Though he's been mentioned as a possible best supporting actor nominee for his work in Oliver Stone's "Natural Born Killers," Rodney Dangerfield still gets no respect. When he applied for membership in the Academy of Motion Picture Arts and Sciences, the comedian was turned down flat.
With major parts in at least three theatrical releases to his credit, Dangerfield meets the minimum criteria for consideration. But according to a letter signed by Roddy McDowall, chair of the Actors Branch Executive Committee, he still lacks "enough of the kind of roles that allow a performer to demonstrate the mastery of the craft."
"This is ridiculous--especially since thousands of academy members haven't done any movies, to speak of," says Dangerfield, who was informed of the decision earlier this week. "People still quote lines from 'Caddyshack,' which I did in 1980. 'Back to School,' which I starred in, took in (nearly) $100 million. And Oliver Stone--who told me he loved my work--cast me as the father from hell, a guy who molests his daughter. Maybe the character, which I wrote myself, was so distasteful that it turned the academy off. Certain people--Roddy McDowall included--sometimes let emotion overrule their intelligence."
"Natural Born Killers" was his first "dramatic" role, the 73-year-old Dangerfield admits. But previous comedic appearances in movies such as "Easy Money" (1983) and "Lady Bugs" (1992) also required him to "act."
"That's not me up there," he insists. "Even as a stand-up, I'm acting. But like Charlie Chaplin who was forever 'The Tramp,' I'm locked into an image--the 'nobody.' When I was performing at a New York club, a patron asked me for an autograph--and more butter. Last year, AT&T dropped me from their commercials because I wasn't 'dignified' enough. I can't seem to get out from under."
Dangerfield's name was submitted by actor Leonard Gaines--a 50-year friend who most recently appeared as the Ferrari dealer in "Scent of a Woman." The two used to hang out with Lenny Bruce at New York City's Hansen's Drug Store and--along with other "lunch bunch" regulars such as Jerry Vale, Shecky Greene and Norm Crosby--eat at Beverly Hills' Cafe Roma several times a week.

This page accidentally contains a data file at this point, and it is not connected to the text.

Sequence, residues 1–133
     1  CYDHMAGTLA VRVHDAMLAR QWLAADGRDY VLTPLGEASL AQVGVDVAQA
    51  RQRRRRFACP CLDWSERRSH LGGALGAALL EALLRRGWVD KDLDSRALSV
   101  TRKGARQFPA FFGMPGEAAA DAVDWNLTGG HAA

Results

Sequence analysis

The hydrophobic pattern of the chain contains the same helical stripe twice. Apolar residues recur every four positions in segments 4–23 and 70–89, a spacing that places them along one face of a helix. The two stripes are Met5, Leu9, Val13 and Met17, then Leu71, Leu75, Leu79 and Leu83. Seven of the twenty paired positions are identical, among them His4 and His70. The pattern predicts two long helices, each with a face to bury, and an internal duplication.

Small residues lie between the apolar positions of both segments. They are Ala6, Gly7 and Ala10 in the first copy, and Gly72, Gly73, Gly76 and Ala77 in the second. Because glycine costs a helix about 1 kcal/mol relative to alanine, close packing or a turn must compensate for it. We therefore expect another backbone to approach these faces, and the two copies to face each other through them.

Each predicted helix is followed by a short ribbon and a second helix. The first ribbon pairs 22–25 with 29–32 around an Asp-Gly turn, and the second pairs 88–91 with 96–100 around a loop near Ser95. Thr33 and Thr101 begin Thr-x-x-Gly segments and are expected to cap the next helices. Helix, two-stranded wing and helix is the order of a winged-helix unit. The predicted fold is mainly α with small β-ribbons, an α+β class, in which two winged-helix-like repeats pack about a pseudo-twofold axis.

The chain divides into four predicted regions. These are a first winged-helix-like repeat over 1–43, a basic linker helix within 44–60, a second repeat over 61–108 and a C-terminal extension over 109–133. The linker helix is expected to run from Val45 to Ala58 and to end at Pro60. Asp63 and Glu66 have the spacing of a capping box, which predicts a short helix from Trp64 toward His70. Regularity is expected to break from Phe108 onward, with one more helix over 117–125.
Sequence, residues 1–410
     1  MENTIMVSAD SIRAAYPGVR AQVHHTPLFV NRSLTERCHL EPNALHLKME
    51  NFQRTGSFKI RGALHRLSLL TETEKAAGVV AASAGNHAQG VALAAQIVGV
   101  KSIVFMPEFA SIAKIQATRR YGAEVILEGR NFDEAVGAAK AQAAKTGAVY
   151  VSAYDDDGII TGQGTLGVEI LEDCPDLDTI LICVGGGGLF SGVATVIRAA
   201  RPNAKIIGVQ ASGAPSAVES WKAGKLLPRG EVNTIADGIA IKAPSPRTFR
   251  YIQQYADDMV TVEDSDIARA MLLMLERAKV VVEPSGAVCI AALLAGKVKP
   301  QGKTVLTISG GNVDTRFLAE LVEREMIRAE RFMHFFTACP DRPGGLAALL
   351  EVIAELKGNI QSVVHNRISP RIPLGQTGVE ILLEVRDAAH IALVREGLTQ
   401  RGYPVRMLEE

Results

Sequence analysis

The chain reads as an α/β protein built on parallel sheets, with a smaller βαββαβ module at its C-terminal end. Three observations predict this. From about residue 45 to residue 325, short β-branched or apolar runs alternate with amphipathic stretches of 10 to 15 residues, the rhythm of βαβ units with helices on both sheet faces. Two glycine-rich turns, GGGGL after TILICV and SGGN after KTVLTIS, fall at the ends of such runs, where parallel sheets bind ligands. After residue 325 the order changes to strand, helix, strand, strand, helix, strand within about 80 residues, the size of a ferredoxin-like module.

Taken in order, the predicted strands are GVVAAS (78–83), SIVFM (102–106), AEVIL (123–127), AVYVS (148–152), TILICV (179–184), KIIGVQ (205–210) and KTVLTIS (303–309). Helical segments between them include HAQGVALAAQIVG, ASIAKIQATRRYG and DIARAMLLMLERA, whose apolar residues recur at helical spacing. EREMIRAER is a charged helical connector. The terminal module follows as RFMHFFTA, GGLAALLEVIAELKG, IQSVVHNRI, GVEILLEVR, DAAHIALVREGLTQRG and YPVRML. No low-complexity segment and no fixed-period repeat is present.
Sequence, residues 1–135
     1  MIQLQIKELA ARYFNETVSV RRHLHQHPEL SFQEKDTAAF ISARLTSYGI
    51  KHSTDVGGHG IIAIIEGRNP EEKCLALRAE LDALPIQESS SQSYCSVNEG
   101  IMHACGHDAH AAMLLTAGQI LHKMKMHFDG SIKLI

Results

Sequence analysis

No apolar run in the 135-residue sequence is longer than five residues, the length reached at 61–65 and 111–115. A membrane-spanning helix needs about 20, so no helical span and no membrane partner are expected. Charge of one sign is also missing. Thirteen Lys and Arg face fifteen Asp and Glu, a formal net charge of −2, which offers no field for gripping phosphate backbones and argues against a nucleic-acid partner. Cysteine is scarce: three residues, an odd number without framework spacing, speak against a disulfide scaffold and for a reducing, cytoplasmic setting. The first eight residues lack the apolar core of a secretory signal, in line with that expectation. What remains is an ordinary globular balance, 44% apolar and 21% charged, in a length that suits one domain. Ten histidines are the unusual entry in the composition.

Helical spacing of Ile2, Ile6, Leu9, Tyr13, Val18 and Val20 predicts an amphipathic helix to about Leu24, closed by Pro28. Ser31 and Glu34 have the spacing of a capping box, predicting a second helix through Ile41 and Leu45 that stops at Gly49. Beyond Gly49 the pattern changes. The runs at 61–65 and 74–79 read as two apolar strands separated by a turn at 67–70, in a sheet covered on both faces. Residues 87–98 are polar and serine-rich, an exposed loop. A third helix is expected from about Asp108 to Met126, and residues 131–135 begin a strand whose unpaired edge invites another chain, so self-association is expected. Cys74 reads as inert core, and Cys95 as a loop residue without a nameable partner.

Gaines, who asked veteran academy member Michael Dante to co-sign the membership proposal card, was also baffled by the response. "What is 'mastery of the craft' suppose to mean?" he asks. "Rodney takes direction, he hits his marks, he delivers his lines . . . what else is there?
"Rodney's a big name in the business," Gaines says. "I was doing the academy a favor by bringing him in. Who knows? He may have done a benefit. It would have been good for Rodney too. All the money he's made hasn't helped his self-image. And he'd have free screenings at which he'd see all his friends."
Though McDowall was unavailable for comment, academy executive director Bruce Davis says the organization, of necessity, is more selective these days. Demand for membership has been up ever since the studios started sending movie cassettes to academy members in hope of Oscar consideration.
"There's a certain justice in the charge that not every academy member has done work of note," Davis admits. "But during the past six to eight years, we've become more rigorous in our admissions process. Twice a year, we have a pretty impressive group of actors making these decisions--and they don't make them easily. Once you accept people, you have them for life. In the end, it's a double-edged sword. We're usually accused of having standards too low. Now we're accused of having standards too high."
The academy suggested it would be willing to reconsider Dangerfield's application once he has more credits under his belt. An unlikely scenario, the comedian says.
"Academy membership isn't something I need," says the comedian, who has written a book of jokes for HarperCollins and two feature film scripts in which he hopes to star. "And now that I've seen the way the academy functions, even the Oscar doesn't mean as much. I know the reality. Who are these geniuses who are judging us?"